Mr. Schroen joined the military after high school and served for three years with the Army Security Agency, an intelligence unit. He later attended Southern Illinois University Edwardsville, in the suburbs of St. Louis, where he studied English and where the CIA first approached him. He graduated in 1968 and became a case officer a year later.
He spent his entire career in the Operations Directorate, shuffling between assignments in the Middle East and at CIA headquarters in Virginia.
He later described in general terms the thrill of working in covert operations during the Cold War – and, in specific terms, the wave of negative publicity that followed revelations in the mid-1970s about the CIA’s role in assassinations, coups and other nefarious acts in recent decades.
“I spent two weeks reading files about historical things in the Middle East, looking for bad things that had happened,” he said in an interview with the PBS “Frontline” program in 2006. “We got there. all really shocked by just this feeling that many people saw us as a rogue organization.”
By the late 1980s, Mr. Schroen rose to the top ranks of the agency’s activities in the Middle East. He served as station chief for Kabul, although he had to work from Pakistan for security reasons. Although he was often warned not to, he regularly entered Afghanistan to meet mujahedeen rebels, who at one point came under fire from enemy forces.
He was fluent in Persian and Dari, a dialect of Persian spoken in Afghanistan, and was widely regarded as the agency’s foremost expert in the country – “one of the go-to guys for the region,” Milton Bearden, serving as a CIA station chief in Pakistan, said in an interview.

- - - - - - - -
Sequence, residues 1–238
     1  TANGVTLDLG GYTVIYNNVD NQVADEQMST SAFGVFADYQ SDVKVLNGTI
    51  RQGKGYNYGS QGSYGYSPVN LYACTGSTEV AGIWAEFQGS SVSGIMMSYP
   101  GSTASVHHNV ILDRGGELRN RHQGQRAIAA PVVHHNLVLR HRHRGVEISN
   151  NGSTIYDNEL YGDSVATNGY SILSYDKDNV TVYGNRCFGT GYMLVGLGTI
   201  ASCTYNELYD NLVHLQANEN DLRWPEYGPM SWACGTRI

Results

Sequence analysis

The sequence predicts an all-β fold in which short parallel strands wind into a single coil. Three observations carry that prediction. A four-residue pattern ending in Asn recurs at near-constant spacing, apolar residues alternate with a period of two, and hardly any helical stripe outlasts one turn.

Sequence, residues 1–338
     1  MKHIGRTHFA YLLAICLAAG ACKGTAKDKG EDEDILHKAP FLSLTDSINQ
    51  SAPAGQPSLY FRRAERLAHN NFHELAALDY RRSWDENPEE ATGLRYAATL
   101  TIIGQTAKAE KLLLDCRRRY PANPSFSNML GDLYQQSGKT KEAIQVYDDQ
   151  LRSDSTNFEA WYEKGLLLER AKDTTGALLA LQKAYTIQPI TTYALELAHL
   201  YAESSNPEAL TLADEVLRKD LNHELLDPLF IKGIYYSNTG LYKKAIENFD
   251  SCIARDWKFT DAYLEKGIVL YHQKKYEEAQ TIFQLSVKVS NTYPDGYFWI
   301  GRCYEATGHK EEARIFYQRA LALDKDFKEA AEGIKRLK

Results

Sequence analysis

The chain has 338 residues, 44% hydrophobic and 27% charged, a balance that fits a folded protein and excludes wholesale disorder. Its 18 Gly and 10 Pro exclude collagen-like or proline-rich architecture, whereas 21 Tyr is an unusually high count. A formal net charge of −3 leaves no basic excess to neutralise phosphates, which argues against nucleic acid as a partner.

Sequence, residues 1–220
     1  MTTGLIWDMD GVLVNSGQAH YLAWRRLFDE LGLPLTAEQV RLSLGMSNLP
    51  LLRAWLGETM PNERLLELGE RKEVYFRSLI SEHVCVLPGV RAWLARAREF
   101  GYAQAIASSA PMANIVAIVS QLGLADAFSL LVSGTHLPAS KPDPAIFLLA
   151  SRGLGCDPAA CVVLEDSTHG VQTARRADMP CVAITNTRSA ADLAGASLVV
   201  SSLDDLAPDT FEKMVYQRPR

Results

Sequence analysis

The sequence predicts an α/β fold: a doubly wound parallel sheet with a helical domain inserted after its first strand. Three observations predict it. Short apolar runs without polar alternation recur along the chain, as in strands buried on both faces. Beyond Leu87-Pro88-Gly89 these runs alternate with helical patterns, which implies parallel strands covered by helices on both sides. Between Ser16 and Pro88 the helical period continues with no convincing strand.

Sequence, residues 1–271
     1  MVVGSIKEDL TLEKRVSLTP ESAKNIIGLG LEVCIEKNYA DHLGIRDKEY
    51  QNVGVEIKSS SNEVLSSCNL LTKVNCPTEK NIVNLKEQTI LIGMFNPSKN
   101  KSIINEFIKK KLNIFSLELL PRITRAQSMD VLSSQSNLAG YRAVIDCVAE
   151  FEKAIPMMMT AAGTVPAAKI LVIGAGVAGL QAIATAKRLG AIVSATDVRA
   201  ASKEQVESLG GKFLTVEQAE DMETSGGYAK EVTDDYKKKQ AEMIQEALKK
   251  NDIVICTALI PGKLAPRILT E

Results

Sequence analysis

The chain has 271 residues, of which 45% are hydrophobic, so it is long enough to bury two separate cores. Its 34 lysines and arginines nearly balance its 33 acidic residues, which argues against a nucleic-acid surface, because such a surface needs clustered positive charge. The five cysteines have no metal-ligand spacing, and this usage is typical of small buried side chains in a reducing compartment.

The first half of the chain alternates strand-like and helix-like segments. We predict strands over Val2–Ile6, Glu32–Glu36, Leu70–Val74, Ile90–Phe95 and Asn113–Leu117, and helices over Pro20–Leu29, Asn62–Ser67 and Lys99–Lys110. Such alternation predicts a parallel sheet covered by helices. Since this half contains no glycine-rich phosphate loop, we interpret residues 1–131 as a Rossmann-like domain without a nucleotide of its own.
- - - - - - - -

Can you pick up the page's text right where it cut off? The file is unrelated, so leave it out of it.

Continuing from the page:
Mr. Schroen returned to the region in the mid-1990s as station chief in Islamabad, which is considered one of the agency’s key positions. Concerns about bin Laden and al Qaeda grew, and it grew even faster after bin Laden orchestrated the attacks on two US embassies in East Africa in 1998.
Mr. Schroen was one of the loudest voices in the service calling on the government to capture or, better yet, kill bin Laden as soon as possible. Still, a cruise missile attack on his compound in Afghanistan missed him by an hour, and two other planned attacks were called off at the last minute.
Mr. Schroen returned to Washington in 1999 to become deputy chief for the Near East in the Operations Directorate. He announced his retirement in mid-2001, shortly before being brought back after September 11.
He stayed in Afghanistan for a few weeks after the US invasion began in earnest in mid-October. He resumed his retirement process and formally left the agency at the end of the year.
By retirement, he was one of the most decorated figures in CIA history.
Mr. Schroen continued to advise the firm as a contractor. He was one of the few former CIA officials to openly criticize the decision to invade Iraq, which he believes diminished the focus and resources of the fight against Al Qaeda.
“When I came back and heard that Iraq was mentioned in the earliest moments after 9/11 as what we should attack, I thought, ‘Oh my God. That can’t be true,” he told Frontline. “Obviously bin Laden and his men are in Afghanistan; we need to go there. Don’t mess with Iraq; this has nothing to do with them.'”